This column was originally published on RealMoney on Sept. 28 at 4:00 p.m. EDT. It's being republished as a bonus for TheStreet.com readers.
Exchange-traded funds are different from typical index funds and much different from actively managed open-end funds. ETFs are index funds that trade throughout the day like a stock, while OEFs price once a day after the stock market closes. One more important difference: ETFs are very new, which means that many do-it-yourselfers do not know much about them and many investment professionals and market-related Web sites still are learning how to analyze them properly.
While I may or may not know the best way to analyze ETFs, I sure do know a bad way to analyze them: to look at ETFs as if they were OEFs. An investor who wants to buy an actively managed OEF may find that there's not much to analyze, because that investor is really buying the manager's past performance on faith that that past performance can be maintained. Some bets, like Bill Miller, are better than others. Obviously, there's more to fund selection than this, but ultimately, it comes down to a belief in the manager.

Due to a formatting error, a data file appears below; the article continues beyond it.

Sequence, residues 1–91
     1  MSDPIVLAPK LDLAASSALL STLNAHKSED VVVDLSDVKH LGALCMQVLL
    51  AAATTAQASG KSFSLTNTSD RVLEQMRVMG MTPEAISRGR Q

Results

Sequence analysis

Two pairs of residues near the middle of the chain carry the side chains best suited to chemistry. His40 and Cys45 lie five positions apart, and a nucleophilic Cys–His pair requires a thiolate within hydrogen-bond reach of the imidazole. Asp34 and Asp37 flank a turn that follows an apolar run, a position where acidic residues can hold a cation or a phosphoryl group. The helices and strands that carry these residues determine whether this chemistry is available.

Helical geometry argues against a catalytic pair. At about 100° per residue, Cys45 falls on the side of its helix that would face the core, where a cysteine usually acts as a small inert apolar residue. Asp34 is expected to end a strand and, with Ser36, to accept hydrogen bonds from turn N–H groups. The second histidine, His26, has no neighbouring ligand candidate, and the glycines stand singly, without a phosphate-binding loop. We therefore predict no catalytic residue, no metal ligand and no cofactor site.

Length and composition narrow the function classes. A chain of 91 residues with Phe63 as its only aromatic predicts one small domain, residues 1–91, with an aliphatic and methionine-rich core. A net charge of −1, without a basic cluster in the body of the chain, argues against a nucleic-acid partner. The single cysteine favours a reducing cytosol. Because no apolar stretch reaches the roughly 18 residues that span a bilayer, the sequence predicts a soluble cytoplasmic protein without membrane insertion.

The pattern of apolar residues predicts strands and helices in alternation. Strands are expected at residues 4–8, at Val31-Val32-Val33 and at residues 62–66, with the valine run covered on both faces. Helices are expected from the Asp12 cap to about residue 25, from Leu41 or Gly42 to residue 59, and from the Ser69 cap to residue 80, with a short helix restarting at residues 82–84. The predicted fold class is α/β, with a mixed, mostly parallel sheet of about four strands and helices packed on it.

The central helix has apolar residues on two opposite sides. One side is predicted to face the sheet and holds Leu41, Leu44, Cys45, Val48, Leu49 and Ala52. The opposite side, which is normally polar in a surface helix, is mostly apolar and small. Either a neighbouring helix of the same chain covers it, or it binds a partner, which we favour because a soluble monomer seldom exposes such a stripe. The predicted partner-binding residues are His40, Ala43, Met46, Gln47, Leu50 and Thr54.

Analyze This Differently
Faith in a manager plays no role in picking an exchange-traded fund. In most cases, ETF selection boils down to forward-looking analysis of a given sector, country, style, capitalization size and so on. ETF selection also involves selecting the best product to capture a given effect.For example, on the basis of a forward-looking analysis of supply and demand, economic conditions or technical analysis, an investor could decide to overweight or underweight the tech sector and buy the appropriate amount of a tech ETF to capture what that investor believes will produce the desired effect. After deciding that being overweight tech makes sense right now, an investor might then analyze the various tech ETFs available and decide that the Technology Sector SPDR (XLK) is the best choice to trade. This could be applied to both long-term investors and short-term traders.